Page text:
On September 21 the Senate Appropriations Committee marked up and reported S. 1599, the FY 2012 Labor-HHS-Education bill on a party line vote of 16 to 14. With a FY 2012 subcommittee spending ceiling significantly below the FY 2011 level, difficult decisions were necessary including reducing NIH $190 million (0.6%) below the FY 2011 level and cutting the Low Income Home Energy Assistance program  by  $1.1 billion below the FY 2011 level.  Republican amendments to weaken and eliminate funding for the implementation of the Affordable Care Act failed on party line votes.


The Administration Takes a Position on the FY 2012 Appropriation Bills


In anticipation of conference negotiations, the Administration sent a six page letter to the Appropriations Committee Leadership on October 20, 2011 staking out its position on numerous spending issues.  The letter reinforced the Administration’s position by issuing a veto threat, as follows “If the President is presented with a bill that undermines critical domestic priorities or national security through funding levels or language restrictions, contains earmarks, or fails to make the tough choices to cut where needed while maintaining what we need to spur long-term job creation and win the future, the President will veto the bill”. 


The full text of the letter may be found at:  http://www.whitehouse.gov/sites/default/files/omb/legislative/letters/letter-regarding-fy2012-appropriations-sent-to-senator-inouye-congressman-rogers--congressman-dicks-and-senator-cochran.pdf


The Special Joint Committee on Deficit Reduction

The Special Joint Committee on Deficit Reduction established by the Budget Control Act of 2011 is charged with identifying at least $1.2 trillion in savings over a 10 year period.  The so called Super Committee continues to meet and work against the legislative deadline of November 23, 2011, to recommend specific deficit reduction proposals. While little specific information is available, there continues to be speculation and growing concern that the committee--- locked in partisan disagreements----may fail to reach it deficit reduction goals.  Below is the timeline for action by the Special Joint Committee:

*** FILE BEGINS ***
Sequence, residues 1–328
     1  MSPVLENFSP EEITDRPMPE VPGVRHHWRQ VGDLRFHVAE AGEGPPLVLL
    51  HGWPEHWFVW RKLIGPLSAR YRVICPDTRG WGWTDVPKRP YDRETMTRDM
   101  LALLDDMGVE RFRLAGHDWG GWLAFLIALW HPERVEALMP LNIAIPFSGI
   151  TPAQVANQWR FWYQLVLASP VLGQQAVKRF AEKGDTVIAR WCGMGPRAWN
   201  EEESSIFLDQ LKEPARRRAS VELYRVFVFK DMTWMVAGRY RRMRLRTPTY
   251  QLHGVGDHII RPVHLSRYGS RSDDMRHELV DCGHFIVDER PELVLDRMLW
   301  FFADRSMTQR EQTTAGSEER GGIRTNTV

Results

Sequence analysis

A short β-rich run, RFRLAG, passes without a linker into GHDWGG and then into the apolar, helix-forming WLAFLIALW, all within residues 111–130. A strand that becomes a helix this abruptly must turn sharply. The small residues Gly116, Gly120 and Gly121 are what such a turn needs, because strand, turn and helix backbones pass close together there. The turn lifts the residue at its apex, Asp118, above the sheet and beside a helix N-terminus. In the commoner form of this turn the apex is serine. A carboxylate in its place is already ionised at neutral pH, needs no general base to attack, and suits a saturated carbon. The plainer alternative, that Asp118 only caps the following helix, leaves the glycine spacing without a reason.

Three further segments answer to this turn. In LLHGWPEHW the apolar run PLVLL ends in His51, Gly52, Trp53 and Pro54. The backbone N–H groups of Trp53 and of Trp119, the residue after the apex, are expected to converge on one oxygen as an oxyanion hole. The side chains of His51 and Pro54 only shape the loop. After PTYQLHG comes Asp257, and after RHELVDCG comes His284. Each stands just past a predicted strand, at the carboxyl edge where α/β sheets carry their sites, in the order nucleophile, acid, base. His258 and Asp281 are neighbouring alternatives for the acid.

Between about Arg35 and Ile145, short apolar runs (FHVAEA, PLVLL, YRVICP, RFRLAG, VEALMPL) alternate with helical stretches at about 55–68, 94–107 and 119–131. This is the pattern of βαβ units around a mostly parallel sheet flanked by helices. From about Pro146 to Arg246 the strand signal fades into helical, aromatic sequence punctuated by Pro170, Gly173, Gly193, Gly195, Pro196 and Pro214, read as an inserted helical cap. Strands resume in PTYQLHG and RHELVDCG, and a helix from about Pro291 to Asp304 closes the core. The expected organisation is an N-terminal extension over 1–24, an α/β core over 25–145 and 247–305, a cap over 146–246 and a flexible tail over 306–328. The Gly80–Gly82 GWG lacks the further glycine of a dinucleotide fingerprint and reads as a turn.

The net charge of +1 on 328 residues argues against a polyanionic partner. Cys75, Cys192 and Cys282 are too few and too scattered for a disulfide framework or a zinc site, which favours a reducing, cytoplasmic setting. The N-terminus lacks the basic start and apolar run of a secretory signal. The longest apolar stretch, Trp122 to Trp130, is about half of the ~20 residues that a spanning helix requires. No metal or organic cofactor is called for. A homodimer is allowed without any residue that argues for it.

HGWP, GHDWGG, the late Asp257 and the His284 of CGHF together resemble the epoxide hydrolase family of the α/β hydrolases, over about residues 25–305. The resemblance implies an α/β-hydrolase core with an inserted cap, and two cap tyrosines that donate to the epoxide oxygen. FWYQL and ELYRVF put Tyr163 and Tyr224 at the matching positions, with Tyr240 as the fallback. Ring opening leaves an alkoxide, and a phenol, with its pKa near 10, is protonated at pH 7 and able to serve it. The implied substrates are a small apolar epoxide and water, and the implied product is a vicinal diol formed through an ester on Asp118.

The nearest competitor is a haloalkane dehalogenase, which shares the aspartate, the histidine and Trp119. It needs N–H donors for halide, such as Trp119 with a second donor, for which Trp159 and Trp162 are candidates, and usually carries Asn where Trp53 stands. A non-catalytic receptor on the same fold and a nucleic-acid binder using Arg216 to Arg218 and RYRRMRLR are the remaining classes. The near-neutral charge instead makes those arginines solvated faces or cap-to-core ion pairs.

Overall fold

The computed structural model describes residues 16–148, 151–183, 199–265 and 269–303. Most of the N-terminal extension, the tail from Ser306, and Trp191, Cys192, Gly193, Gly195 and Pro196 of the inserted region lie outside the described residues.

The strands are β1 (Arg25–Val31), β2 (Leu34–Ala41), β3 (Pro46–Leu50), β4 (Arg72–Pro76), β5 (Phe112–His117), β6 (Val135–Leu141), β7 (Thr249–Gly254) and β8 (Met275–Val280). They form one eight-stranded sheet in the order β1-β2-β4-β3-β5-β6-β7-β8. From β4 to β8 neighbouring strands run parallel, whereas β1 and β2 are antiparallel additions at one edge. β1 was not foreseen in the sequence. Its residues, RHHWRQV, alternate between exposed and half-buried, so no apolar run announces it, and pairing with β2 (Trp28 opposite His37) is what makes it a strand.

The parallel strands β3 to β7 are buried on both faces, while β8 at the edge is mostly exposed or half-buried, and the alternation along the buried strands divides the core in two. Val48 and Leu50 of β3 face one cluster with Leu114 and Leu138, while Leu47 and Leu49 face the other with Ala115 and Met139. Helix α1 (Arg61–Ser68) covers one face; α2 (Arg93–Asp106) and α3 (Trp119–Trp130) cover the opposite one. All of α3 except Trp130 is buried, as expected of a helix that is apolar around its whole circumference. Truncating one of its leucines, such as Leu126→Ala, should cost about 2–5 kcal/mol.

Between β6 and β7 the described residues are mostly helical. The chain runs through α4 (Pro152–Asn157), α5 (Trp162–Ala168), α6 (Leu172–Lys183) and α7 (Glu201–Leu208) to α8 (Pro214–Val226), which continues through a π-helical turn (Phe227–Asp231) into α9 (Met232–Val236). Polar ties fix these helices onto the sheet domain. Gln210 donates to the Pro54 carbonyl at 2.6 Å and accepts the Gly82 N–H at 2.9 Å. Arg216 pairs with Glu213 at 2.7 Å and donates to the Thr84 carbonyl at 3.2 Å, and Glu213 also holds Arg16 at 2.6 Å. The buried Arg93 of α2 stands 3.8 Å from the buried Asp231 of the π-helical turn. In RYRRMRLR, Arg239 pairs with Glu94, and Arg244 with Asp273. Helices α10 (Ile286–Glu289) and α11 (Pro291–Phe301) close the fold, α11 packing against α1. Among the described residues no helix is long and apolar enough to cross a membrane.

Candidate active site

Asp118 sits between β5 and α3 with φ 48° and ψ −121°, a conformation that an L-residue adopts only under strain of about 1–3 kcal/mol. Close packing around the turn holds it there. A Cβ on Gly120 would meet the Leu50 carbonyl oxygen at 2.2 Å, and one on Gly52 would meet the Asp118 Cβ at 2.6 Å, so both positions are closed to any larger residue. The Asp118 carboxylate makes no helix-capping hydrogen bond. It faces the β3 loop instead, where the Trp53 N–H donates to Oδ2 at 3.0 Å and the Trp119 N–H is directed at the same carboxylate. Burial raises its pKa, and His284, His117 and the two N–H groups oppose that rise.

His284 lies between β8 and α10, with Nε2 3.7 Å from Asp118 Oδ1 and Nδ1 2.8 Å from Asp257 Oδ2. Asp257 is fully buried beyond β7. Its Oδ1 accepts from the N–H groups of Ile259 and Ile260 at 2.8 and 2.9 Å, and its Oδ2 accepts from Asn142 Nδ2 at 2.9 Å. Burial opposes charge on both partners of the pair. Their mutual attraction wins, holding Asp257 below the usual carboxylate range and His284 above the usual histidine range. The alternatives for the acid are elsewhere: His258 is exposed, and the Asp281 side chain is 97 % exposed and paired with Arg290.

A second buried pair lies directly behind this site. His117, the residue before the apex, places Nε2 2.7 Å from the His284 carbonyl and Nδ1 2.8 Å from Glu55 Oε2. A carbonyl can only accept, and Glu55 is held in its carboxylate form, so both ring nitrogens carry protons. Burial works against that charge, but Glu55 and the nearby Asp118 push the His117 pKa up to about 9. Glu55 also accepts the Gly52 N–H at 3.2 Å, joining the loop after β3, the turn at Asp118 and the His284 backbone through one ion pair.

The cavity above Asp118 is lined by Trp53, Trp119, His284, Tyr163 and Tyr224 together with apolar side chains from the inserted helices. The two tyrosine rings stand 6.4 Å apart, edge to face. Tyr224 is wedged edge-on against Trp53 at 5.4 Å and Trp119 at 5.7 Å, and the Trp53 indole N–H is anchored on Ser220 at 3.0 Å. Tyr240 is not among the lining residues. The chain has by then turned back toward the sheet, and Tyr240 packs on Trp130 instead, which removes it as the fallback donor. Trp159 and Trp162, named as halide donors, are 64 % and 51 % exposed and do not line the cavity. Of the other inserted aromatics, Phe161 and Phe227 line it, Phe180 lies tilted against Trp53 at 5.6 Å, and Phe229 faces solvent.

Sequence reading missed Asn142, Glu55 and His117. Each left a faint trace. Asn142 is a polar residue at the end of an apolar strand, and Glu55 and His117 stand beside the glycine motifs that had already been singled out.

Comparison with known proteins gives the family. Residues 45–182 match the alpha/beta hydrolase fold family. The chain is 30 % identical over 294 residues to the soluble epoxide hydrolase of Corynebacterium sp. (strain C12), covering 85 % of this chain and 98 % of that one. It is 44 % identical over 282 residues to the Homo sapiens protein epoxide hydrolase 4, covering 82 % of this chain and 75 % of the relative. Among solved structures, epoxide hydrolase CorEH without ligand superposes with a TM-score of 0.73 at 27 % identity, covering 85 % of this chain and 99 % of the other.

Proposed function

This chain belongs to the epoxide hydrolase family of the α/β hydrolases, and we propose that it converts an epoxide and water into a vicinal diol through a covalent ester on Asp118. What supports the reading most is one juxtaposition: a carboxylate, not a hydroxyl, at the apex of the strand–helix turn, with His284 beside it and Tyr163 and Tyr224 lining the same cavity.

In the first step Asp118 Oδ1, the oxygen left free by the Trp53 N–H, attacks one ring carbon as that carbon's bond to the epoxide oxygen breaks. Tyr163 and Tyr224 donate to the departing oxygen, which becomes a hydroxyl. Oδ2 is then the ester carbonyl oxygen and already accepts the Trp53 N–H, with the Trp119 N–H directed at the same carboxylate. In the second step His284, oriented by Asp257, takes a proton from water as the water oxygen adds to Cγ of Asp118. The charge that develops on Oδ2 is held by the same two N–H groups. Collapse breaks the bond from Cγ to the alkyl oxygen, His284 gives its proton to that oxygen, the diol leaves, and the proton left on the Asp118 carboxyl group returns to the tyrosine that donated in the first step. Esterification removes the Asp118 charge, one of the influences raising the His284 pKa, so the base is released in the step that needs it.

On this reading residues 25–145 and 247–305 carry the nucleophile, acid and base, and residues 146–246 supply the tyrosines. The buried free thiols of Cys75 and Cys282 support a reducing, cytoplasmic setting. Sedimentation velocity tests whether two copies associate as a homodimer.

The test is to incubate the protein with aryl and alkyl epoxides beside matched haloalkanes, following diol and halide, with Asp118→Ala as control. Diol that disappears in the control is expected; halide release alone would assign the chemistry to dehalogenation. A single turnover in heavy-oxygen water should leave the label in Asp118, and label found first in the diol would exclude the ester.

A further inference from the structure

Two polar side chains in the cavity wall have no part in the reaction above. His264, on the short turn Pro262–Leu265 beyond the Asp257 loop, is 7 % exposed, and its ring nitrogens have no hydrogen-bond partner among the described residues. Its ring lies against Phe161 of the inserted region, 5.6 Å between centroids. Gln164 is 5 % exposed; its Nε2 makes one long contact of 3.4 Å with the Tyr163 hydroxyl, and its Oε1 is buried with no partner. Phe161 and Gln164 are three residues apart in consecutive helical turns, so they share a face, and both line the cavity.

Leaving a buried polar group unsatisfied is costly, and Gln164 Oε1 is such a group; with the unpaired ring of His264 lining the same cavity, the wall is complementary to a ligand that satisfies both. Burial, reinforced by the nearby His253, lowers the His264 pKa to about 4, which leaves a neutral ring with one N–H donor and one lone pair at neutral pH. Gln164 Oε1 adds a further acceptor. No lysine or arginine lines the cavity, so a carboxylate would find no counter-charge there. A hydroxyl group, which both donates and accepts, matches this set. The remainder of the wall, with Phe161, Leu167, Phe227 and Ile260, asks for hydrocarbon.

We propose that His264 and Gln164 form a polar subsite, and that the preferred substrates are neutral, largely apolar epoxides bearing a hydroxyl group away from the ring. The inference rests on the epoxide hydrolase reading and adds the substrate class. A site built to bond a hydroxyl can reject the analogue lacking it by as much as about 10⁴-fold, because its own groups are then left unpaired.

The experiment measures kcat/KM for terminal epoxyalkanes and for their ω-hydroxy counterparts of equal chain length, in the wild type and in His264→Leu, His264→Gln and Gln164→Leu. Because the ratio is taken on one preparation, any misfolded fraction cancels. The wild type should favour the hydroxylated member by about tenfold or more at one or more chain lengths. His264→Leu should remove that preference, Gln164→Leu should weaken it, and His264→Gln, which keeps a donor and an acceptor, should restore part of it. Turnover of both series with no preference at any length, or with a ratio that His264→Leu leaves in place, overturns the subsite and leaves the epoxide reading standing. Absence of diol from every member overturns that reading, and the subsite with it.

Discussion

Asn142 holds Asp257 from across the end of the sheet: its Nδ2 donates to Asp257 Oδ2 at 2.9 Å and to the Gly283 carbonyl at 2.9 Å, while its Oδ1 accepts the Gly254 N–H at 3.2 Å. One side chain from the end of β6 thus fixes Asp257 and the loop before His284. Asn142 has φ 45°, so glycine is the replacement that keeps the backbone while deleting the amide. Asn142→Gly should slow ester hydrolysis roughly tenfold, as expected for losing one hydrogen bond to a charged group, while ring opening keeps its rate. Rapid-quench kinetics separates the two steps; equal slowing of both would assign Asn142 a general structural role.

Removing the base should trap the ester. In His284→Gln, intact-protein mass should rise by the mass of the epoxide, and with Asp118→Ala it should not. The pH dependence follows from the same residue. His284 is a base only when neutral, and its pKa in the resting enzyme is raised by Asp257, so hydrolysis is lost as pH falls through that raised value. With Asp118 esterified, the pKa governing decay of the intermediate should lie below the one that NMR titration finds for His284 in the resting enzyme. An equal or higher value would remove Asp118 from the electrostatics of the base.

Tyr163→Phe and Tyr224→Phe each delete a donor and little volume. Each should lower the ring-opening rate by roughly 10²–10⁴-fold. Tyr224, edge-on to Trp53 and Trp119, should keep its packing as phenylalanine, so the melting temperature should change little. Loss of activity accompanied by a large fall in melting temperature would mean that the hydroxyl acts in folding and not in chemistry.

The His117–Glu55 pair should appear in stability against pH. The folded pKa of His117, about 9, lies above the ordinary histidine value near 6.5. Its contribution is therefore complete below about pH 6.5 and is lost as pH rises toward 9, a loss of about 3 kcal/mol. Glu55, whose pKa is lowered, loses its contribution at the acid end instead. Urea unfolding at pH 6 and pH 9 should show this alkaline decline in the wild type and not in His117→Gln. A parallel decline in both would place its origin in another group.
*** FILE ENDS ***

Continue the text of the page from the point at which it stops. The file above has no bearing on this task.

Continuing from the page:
August 16, 2011- Joint Commission members are appointed. (3 Democratic Senators, 3 Republican Senators, 3 Republican Representatives, 3 Democratic Representatives).
September 14, 2011- The first Joint Commission meeting is to be 45 days after the bill passes.
October 14, 2011- Each Senate & House committee may send Joint Committee recommendations for changes to reduce deficit by at least $1.5 trillion.
November 23, 2011- The Joint Commission votes on:
1. The report containing a detailed statement of the findings, conclusions, and recommendations and the estimate of the Congressional Budget Office; and
2. Proposed legislative language.
December 2, 2011- If the Joint Committee reaches an agreement by a majority vote, it then submits a report with legislative language to the President, Vice President and the Hill.
Next Legislative Day- The Joint Committee’s legislative language is introduced in the Senate and the House.
December 9, 2011- Any House and Senate Committee to which the Joint Committee’s language is referred must report it to the House and Senate without amendment.  If Committees fail to report by this day, the bill will be automatically discharged to the House and Senate.  In the Senate, the motion to proceed is not debatable.  Consideration and debate is limited to 30 hours. No amendments are in order.